#3 It’s not optional.
Apologies for the tough love, but when you are the CEO, this is part of your job. It might not be your favorite part, but it’s your responsibility to be the face of the company. Your investors, partners, and employees are counting on you. Not participating means you’re hiding, and hiding means you aren’t doing your job.
Visibility Is — 5 Practical Tips
Raising your visibility may feel risky and vulnerable, especially as you begin. As with all marketing, start with goals (What do you want to achieve by sharing and posting?) and strategically execute a plan that reflects you and your company culture. Here are some tips to get started:
#1 Get Really Clear on Your Mission and Values
If you haven’t yet done the work of clarifying your organization’s or your own mission, vision, and values, do it now. Plaster that information across your computer or your desk so it is readily visible, because it not only displays the message to other people, it also reinforces it to you. It reminds you of who you are, how you’re showing up in the world, how you’re supporting people, and how you’re making the impact that you’re trying to make.
#2 Cast a Wide Net
Voice your personal vision and message, of course, but share your spotlight with other leaders and significant members of your business. Make sure your brand matches the diversity and depth of your company. What makes your team uniquely qualified to serve your customers? Why is your company different from its competitors? Who are you partnering with to better serve your customers, so they can better serve their customers? How are your customers successful because they are working with you?
#3 Awards & Achievements Reflect the Quality of Your Work
Maybe even your character — and both are worthy of noting publicly. If you and/or your team have won awards for your work, post them on your LinkedIn profile and company page, find an appropriate place for them on your website, and when timely, share them as news.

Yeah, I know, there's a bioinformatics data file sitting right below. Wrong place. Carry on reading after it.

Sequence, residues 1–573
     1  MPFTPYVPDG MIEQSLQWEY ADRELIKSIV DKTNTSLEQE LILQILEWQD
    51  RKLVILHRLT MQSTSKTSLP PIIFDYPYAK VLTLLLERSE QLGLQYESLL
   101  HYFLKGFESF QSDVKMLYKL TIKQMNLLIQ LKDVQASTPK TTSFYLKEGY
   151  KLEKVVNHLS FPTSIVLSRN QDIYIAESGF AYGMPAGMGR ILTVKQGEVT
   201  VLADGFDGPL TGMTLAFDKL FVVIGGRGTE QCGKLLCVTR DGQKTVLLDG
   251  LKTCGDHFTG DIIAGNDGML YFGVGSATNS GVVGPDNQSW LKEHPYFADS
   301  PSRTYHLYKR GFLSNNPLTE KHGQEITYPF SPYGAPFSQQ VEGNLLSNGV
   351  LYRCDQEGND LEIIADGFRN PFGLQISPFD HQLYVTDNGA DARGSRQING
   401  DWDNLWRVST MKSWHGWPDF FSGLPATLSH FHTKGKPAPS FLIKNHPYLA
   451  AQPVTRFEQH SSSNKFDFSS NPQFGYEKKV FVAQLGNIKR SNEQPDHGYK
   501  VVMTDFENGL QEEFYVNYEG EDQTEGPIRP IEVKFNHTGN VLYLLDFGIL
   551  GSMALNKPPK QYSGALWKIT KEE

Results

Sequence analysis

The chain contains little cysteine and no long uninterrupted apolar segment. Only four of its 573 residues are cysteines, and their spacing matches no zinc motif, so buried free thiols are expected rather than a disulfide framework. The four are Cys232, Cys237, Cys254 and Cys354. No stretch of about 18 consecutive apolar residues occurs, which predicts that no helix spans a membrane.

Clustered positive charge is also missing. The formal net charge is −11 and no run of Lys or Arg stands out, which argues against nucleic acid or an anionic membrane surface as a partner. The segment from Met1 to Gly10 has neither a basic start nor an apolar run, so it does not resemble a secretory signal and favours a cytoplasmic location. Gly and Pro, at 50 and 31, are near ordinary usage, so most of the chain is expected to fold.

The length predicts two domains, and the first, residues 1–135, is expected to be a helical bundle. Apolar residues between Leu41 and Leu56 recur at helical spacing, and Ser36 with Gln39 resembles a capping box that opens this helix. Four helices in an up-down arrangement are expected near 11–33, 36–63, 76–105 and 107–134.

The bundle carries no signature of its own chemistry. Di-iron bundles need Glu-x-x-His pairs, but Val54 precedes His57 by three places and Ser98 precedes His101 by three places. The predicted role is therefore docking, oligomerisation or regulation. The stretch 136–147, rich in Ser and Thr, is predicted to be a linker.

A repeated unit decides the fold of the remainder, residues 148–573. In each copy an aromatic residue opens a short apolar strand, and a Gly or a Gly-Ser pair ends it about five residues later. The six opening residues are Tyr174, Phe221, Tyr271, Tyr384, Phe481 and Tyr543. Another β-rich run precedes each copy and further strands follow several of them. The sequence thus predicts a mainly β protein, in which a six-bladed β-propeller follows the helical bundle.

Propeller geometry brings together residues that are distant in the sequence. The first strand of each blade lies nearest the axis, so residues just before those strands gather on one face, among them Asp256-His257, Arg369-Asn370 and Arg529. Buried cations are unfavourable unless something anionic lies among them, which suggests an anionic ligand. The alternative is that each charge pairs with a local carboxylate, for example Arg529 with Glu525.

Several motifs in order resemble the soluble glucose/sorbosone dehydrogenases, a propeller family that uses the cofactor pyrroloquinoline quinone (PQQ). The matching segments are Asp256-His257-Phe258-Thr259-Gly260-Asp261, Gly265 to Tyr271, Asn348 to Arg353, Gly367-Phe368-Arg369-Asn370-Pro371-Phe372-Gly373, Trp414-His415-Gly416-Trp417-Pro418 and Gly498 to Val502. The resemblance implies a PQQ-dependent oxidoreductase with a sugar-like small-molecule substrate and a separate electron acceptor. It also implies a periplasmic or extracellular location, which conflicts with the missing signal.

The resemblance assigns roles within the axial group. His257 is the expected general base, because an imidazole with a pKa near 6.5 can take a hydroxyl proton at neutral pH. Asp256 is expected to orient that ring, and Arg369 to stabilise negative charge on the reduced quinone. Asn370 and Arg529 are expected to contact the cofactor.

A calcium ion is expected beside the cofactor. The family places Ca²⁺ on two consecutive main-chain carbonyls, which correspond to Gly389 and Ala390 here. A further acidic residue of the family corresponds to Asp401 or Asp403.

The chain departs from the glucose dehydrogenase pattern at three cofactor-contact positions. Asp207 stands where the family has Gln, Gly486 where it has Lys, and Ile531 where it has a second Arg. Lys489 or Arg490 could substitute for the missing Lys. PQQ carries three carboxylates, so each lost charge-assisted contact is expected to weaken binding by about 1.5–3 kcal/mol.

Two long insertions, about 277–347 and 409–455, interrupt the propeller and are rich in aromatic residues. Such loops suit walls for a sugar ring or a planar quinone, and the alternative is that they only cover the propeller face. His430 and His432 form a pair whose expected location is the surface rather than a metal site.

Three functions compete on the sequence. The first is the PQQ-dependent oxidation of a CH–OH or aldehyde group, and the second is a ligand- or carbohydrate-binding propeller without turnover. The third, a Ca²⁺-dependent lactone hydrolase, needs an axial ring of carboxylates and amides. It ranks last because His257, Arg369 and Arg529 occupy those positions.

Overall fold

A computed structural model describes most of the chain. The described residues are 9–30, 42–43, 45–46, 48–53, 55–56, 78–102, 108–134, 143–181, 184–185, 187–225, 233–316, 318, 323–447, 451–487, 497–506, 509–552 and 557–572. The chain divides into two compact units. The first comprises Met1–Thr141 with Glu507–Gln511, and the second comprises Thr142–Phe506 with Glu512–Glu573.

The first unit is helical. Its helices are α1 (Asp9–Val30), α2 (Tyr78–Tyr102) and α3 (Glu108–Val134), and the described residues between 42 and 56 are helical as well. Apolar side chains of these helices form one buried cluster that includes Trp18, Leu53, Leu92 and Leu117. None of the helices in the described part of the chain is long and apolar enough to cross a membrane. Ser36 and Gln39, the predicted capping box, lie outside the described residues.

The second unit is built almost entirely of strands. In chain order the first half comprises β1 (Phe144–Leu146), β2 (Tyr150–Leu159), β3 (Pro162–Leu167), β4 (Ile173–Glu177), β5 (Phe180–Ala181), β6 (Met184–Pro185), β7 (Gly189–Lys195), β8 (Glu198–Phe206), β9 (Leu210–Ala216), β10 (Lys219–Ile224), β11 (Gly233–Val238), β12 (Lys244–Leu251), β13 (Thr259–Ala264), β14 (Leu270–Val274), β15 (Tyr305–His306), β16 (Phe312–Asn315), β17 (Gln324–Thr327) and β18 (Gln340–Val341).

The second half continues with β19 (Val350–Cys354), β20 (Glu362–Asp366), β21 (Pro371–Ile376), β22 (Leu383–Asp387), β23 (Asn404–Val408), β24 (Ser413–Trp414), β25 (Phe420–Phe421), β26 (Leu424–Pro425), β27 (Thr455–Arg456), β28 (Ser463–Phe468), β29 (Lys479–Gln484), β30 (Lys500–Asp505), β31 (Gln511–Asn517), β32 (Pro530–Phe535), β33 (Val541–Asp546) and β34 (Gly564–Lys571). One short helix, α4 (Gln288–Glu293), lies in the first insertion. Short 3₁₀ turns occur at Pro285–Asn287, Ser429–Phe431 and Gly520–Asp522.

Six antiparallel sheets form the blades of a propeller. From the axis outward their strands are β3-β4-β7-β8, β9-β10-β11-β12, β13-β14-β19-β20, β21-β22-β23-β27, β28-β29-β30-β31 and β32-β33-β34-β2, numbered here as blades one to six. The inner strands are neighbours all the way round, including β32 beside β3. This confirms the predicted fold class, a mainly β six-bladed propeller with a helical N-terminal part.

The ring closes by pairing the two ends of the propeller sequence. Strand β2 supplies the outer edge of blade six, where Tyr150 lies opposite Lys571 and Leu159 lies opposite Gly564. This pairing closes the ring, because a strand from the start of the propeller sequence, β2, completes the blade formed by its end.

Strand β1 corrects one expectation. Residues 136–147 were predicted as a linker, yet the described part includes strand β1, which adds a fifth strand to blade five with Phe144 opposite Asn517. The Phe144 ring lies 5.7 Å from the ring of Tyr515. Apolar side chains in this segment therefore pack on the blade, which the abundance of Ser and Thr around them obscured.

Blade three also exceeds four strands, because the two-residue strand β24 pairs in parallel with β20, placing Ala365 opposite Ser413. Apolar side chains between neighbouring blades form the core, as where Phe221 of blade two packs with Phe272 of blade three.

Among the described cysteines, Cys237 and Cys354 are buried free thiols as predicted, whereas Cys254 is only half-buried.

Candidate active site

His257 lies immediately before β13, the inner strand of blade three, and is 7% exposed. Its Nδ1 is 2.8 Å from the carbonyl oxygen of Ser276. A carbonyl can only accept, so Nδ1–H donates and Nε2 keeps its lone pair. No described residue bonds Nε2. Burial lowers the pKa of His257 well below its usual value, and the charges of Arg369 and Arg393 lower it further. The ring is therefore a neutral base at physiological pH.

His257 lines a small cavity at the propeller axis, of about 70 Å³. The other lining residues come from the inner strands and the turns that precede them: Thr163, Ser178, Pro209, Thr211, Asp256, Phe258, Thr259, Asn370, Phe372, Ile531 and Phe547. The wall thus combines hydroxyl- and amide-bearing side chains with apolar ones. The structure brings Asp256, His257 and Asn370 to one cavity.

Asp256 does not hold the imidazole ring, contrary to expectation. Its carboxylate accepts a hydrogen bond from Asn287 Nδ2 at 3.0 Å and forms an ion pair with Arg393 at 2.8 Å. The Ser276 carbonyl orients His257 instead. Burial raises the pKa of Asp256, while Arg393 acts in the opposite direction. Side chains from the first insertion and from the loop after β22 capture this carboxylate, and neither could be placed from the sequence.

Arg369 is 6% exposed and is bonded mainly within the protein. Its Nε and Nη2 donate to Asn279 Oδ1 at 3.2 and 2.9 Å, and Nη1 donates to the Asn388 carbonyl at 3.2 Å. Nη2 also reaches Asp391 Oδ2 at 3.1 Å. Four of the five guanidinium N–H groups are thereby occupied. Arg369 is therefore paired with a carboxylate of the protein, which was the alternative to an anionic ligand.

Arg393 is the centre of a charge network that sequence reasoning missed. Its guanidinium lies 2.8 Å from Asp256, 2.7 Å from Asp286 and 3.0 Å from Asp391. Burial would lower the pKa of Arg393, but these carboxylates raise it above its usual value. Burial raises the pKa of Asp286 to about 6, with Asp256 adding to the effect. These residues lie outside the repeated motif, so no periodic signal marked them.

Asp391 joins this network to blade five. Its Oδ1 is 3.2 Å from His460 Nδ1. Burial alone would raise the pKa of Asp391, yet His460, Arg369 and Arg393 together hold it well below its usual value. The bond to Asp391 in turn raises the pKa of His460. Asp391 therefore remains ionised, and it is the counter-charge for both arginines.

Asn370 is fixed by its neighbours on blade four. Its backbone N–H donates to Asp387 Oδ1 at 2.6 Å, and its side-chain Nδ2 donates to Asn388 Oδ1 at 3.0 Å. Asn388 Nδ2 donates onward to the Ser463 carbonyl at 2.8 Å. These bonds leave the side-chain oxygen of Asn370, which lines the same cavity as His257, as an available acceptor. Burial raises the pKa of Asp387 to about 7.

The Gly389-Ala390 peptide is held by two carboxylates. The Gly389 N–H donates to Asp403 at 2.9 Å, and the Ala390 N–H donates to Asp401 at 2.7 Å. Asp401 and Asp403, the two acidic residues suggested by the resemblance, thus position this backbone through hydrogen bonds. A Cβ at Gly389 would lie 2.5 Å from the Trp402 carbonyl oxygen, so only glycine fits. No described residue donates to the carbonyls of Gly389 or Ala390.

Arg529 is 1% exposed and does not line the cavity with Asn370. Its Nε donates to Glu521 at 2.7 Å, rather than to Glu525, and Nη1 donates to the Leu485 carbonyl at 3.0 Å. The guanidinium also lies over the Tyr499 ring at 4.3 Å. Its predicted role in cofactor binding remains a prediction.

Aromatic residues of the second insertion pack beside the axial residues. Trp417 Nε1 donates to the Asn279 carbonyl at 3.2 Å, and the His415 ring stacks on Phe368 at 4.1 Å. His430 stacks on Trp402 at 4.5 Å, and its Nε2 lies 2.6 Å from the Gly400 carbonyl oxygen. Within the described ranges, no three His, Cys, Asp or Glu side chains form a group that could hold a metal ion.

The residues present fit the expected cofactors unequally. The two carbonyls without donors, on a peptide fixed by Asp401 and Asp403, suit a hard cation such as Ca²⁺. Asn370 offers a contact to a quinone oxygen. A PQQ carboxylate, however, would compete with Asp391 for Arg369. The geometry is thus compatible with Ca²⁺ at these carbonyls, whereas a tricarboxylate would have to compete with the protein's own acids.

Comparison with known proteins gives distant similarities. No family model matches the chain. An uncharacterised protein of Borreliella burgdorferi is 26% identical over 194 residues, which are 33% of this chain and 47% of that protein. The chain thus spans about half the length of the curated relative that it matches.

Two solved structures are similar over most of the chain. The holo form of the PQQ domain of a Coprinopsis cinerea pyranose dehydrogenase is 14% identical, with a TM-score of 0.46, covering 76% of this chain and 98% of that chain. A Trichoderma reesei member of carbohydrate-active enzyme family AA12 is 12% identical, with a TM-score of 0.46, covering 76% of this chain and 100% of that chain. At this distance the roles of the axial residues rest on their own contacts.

Achievements — completed projects, raising a round, expanding to new territory — demonstrate that your company is successful. Sharing milestones — years in business, number of customers served, employees hired, significant promotions — show shareholders that the company is growing and dynamic. Share this content to establish credibility and build enthusiasm.
#4 Find Your Medium or Use Them All
Social media offers so many ways to share your message. Videos quickly create excitement and energy around a post, and people are making them in so many different formats (polished, organic, long, short, animated, and more). Posts — both with and without images. Polls, interesting graphic treatments (that don’t require a tremendous amount of an artist’s time), surveys — find the medium you feel most comfortable with and use it. Or, keep it interesting and try different formats.
#5 Develop a Strategic Calendar for Content and Consistency
When you start working on what you want to say, who you want to say it to, and how to say it, I think you’ll be surprised by how much content you have and can generate. Map a calendar with scheduled posting to build momentum and consistency.
High visibility isn’t optional for CEOs who want sustained success. Now is the time to lay aside any beliefs that limit you or your company.
And if you’d like to jumpstart your visibility building with a session with Matthew, contact me through LinkedIn or at firstname.lastname@example.org, and I’ll connect you with him. I look forward to seeing more of you!